Wednesday, September 09, 2009

When silence is not golden - reasons why you still don't know what Party committees are up to (part 1)

More than three months ago, in the midst of the expenses crisis, I took a self-denying ordnance not to comment on matters pertaining to the Party President or to internal Party committees. At the time, I was seriously irritated and, having taken some flak, decided that I saw no reason why I should continue to do so.

Featured on Liberal Democrat VoiceThe summer has passed, and I have for the most part kept to my word, and I am minded to continue doing so. However, I have been giving the question of how the various Federal and State committees report back some thought...

Oh wouldn't it be nice...

If only we could find out what the Federal Executive were discussing, or could communicate with members of the English Candidates Committee? Many of us in the blogosphere are interested in knowing what might happen, what might be discussed. We conjecture about policy, criticise our leaders, opine about strategy. It would be great if we could have a voice around the table.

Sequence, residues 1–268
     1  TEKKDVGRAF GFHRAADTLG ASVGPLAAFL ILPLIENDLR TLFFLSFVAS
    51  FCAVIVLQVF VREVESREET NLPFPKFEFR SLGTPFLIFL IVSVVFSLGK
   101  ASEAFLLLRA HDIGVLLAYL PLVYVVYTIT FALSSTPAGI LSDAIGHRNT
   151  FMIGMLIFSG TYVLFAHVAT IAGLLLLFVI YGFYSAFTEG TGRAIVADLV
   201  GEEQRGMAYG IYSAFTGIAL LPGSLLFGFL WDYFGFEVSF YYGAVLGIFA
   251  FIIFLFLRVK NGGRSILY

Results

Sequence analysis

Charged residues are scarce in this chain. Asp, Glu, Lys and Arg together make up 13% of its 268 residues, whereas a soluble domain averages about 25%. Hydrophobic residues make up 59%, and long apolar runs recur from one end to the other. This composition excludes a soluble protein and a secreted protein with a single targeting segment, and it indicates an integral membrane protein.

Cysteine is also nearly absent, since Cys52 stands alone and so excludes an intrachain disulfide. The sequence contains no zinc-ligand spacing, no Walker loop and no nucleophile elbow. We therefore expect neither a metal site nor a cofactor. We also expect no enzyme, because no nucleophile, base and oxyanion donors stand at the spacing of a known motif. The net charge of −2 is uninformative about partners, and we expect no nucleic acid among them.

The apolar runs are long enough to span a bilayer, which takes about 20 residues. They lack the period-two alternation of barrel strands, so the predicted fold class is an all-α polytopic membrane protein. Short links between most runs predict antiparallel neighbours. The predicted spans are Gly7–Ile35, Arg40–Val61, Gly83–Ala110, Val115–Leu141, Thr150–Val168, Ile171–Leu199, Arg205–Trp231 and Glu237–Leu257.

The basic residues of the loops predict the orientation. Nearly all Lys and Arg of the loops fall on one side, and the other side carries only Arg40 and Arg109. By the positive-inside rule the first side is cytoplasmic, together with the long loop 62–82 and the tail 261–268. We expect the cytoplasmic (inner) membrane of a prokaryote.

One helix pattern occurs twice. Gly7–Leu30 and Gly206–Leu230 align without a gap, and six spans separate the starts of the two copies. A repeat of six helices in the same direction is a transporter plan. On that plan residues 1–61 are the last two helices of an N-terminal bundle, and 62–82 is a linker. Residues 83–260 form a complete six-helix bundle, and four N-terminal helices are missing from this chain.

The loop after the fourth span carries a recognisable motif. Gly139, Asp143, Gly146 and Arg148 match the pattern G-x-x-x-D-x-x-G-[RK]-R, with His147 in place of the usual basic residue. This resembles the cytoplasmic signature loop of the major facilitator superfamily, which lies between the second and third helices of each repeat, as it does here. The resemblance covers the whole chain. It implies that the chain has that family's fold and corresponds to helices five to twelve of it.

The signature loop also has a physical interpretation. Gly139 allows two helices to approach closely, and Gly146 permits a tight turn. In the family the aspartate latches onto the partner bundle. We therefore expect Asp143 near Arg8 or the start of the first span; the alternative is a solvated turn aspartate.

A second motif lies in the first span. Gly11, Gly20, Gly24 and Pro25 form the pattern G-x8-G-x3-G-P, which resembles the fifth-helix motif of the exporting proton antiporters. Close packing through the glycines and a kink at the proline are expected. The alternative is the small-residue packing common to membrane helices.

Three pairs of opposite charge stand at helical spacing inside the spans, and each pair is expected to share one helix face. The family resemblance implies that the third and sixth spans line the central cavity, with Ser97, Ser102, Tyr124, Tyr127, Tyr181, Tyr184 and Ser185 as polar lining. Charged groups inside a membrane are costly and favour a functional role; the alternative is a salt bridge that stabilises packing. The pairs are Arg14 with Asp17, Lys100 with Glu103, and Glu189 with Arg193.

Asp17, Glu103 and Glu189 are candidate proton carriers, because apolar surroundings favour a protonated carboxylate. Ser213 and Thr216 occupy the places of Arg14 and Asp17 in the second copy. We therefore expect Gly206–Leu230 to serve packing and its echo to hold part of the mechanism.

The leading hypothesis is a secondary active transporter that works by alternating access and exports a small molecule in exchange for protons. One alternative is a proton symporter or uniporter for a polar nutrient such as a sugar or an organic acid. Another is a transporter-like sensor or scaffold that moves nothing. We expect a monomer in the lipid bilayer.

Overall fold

Naturally, as a Party which talks a good game in terms of openness and transparency, the idea that reports should be published is a laudable one. And, of course, the internet is free, immediate and simple to use. There is a forum, in the shape of Liberal Democrat Voice, which exists as a place where such debates can occur. In the Members' Forum, it can even be done behind closed doors.

Besides, we're members, we're entitled to know what's being done behind closed doors, aren't we?

Next, I'll look at the history of 'committee blogging' from a personal perspective...

1 comment:

Oranjepan said...

oo, very good.

I'm glad you're up on this after the set-to between Agent Orange and Duncan Borrowman (among others). Practical developments are so much better than slanging matches.

Sometimes it's difficult to be patient when it feels like an opportunity is slipping away, but at the same time it is also important that any measures are thought through properly and not hastily implemented... a strategic balancing act!